The key Iraqi city of Ramadi fell to ISIS on Sunday after government security forces pulled out of a military base on the west side of the city, officials said.
The ISIS advances came after militants detonated a series of morning car bomb blasts, Mayor Dalaf al-Kubaisy and a high-ranking Iraqi security official said. The explosions forced Iraqi security forces and tribal fighters to retreat to the city's east, they said.
But Iraqi and U.S. officials, including Secretary of State John Kerry, said the fight for Ramadi is far from over.
Clashes have raged in the beleaguered capital of Anbar province, Iraq's Sunni heartland, for months as Iraqi and allied forces battle ISIS militants for control of the strategically located city, which is just 110 km (70 miles) west of Baghdad.
Ramadi, the largest city in western Iraq, is situated just a few miles from an Iraqi army headquarters that ISIS blew up in March.
ISIS took over parts of the city in the first half of last year, placing it at the heart of a deadly tug of war ever since. Officials in Ramadi have repeatedly warned of ISIS advances in recent weeks, begging for reinforcements and more airstrikes from the U.S.-led coalition against ISIS.
Officials estimate more than 500 people have been killed in the most recent clashes, said Muhannad Haimour, a spokesman for the Anbar governor. A new wave of civilians was fleeing the city Sunday, heading toward safer areas such as Baghdad; some of them were trapped on a bridge out of the city, he said, as fighting raged around them.
Even as ISIS took control, pockets of resistance remain inside the city, Haimour said.
But he and others expressed concern about the fate of soldiers and residents who have fallen under the control of ISIS, a group with a grim track record of ruthless treatment of opponents.
State TV: Iraqi forces on the way
Iraq's Prime Minister, Haider al-Abadi, is also preparing to send in reinforcements, according to a statement read on Iraq's state-run Iraqiya TV Sunday.
He's ordered the Hashd Al-Shaabi paramilitary force to prepare for deployment against ISIS militants in Anbar province. It will be joined by Iraqi security forces and Sunni tribal volunteers. The decision to mobilize the paramiltary force, which is Iranian-backed and predominantly Shiite, follows a request for help from the Anbar provincial governor, provincial council, tribal leaders and religious clerics.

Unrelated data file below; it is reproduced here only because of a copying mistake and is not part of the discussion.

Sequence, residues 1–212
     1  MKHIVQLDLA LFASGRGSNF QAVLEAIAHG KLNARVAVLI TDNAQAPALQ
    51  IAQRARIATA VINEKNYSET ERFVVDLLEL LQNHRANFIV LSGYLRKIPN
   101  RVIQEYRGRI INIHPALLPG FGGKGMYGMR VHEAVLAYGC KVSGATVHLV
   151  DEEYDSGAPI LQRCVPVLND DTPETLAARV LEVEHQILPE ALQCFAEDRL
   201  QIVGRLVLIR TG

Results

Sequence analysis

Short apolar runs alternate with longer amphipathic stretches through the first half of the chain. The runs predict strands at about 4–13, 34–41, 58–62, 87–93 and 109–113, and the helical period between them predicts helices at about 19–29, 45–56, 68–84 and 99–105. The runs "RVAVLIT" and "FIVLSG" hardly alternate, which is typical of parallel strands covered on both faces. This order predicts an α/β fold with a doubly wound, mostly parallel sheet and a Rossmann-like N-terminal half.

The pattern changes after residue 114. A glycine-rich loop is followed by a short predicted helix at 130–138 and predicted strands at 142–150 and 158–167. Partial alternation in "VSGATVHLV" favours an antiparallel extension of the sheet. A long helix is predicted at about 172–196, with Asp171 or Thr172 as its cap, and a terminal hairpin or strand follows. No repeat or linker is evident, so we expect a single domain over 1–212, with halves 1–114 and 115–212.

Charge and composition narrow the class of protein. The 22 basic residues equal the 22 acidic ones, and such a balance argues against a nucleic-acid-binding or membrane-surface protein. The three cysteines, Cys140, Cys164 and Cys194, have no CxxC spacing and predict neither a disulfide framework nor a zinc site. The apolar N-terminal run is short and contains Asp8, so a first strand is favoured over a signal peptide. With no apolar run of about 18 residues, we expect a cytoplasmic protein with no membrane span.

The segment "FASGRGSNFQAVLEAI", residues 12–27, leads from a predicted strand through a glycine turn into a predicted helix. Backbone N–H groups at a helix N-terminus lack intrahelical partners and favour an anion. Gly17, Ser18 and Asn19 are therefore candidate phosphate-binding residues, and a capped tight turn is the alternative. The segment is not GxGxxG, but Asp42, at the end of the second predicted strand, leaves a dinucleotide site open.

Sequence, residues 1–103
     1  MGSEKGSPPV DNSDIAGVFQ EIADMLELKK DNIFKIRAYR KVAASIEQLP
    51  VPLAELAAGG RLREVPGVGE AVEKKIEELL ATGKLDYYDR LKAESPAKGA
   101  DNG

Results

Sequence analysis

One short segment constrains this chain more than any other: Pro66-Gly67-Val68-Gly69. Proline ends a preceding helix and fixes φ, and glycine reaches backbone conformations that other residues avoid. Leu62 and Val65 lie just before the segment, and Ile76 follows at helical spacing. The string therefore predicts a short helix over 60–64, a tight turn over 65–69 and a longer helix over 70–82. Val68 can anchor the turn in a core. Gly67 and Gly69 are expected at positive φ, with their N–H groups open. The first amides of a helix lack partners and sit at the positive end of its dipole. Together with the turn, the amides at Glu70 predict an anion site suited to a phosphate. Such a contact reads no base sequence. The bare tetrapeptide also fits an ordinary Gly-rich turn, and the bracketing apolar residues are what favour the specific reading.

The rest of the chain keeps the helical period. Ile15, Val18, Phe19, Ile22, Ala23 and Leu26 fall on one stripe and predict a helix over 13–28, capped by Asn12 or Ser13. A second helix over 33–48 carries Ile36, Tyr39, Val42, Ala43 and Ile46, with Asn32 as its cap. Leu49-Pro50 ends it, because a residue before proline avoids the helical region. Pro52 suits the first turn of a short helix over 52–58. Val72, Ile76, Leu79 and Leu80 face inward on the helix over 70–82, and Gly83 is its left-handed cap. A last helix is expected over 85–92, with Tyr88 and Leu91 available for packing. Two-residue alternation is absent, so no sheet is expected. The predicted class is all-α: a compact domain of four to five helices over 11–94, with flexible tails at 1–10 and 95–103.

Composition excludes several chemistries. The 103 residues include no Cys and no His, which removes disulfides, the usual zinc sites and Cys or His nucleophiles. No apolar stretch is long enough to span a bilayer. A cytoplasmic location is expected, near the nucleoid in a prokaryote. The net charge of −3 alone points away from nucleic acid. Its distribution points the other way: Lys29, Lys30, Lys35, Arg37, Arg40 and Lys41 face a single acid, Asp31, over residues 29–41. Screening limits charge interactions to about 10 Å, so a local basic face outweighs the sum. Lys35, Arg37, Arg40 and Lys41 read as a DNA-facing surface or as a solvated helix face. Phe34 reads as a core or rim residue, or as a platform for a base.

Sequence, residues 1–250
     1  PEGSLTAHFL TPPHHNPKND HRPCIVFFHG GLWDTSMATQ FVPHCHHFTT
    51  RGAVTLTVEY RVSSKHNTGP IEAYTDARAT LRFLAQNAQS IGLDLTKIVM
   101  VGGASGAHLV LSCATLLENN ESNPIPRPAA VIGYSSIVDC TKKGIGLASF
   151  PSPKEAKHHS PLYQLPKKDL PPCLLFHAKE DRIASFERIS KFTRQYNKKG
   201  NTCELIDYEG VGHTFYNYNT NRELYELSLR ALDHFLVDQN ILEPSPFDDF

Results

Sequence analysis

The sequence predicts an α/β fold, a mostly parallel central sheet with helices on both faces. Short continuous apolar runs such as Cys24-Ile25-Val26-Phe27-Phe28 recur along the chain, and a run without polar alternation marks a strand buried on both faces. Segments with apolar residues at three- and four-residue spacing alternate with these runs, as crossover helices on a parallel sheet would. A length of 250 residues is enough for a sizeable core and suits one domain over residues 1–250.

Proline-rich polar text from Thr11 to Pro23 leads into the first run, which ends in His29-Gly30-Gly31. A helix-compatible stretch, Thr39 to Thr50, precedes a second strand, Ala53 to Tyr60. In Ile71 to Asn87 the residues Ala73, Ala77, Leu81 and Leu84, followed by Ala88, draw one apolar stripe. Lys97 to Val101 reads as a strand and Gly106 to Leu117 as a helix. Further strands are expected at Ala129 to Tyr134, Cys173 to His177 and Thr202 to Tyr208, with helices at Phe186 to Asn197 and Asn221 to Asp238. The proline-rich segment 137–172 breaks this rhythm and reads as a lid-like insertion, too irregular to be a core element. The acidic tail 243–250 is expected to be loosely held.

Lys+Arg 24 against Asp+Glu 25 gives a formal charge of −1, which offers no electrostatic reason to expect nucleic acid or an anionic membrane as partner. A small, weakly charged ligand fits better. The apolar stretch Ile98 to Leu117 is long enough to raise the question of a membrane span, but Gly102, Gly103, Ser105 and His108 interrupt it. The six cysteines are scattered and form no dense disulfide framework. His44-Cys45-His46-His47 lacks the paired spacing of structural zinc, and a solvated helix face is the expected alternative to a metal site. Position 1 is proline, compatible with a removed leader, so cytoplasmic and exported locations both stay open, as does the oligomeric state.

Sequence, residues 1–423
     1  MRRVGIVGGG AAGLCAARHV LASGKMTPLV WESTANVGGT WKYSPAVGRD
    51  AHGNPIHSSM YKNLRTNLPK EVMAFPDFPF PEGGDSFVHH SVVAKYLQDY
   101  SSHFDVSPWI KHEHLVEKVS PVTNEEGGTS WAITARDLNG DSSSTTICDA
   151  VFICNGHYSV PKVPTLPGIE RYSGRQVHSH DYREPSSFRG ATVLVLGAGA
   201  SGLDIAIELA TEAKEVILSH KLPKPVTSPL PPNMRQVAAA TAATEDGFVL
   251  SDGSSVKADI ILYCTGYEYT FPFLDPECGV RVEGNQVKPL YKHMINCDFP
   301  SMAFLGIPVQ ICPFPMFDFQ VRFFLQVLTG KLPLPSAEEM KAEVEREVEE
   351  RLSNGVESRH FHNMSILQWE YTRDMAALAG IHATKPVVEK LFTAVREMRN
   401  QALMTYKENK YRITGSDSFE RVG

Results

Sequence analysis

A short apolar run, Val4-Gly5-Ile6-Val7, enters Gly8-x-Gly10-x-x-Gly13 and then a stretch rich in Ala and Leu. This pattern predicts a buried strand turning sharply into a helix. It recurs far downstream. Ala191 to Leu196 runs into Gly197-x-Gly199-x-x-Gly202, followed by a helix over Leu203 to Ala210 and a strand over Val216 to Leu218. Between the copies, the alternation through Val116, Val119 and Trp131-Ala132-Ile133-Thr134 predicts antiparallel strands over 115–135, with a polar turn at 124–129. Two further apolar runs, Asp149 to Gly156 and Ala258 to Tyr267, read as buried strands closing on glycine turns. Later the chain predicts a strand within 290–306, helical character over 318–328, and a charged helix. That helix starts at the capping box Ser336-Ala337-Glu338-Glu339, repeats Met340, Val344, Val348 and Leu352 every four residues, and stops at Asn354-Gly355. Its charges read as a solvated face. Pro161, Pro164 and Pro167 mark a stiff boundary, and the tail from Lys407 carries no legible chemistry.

The Shiite militias helped the Iraqi army retake the city of Tikrit from ISIS in March. But their involvement raised concerns that it could inflame sectarian tensions, and their ties to Iran complicated the use of airstrikes by the U.S. coalition.
After the fall of Ramadi, the Iraqi Defense Ministry urged the people of Anbar to show "fortitude and steadfastness," saying reinforcements from the militias are on their way. The ministry also called people to "jihad" against ISIS, urging them to mobilize and join the fight against the militant group.
Iranian Defense Minister Hussein Dehqan arrived in Baghdad on an official visit, Iraqi state television reported Monday. No other details were provided.
ISIS, meanwhile, said that mosques in Fallujah, another important city in Anbar held by ISIS, were calling for prayers to celebrate its capture of the city.
What are the implications of an ISIS takeover?
Whether or not Ramadi will stay in the hands of ISIS remains to be seen, analysts said Sunday.
Some U.S. officials, including Kerry, have recently tried to downplay the significance of Ramadi, saying they are not focused on the city.
But comments by retired Lt. Col. Anthony Shaffer, a senior fellow at the London Center for Policy Research, stand in stark contrast the the Secretary of State's. The situation in Ramadi is a significant sign that forces fighting ISIS need to take a different tack, he said.
"Ramadi's a bad news story, period," he said. "It's not going well. The military units we've trained in the Iraqi army are basically laying down their guns and running."
But the significance of the city falling may have less to do with the militant group, and more to do with the strength of Iraqi forces, CNN counterterrorism analyst Philip Mudd said.
"This is not about ISIS. This is about whether the Iraqi military has the capability, and more importantly, the will to face up with ISIS," he said. "They've had some successes, the military has. This is a setback. It's going to take years to figure out who will prevail."
But Haimour, the Anbar governor's spokesman, said it's unfair to paint Iraqi forces as unwilling to battle ISIS. Iraqi forces fought hard in Ramadi, he said, but faced well-trained ISIS fighters with heavy weaponry who were on a suicide mission.
"They come to Anbar and Iraq to die. It's very difficult to stop a bulldozer that's been armored, driven by a suicide bomber, with tons of explosives," he said. "And dealing with these fighters has been extremely difficult. It's not a conventional war by any stretch of the imagination."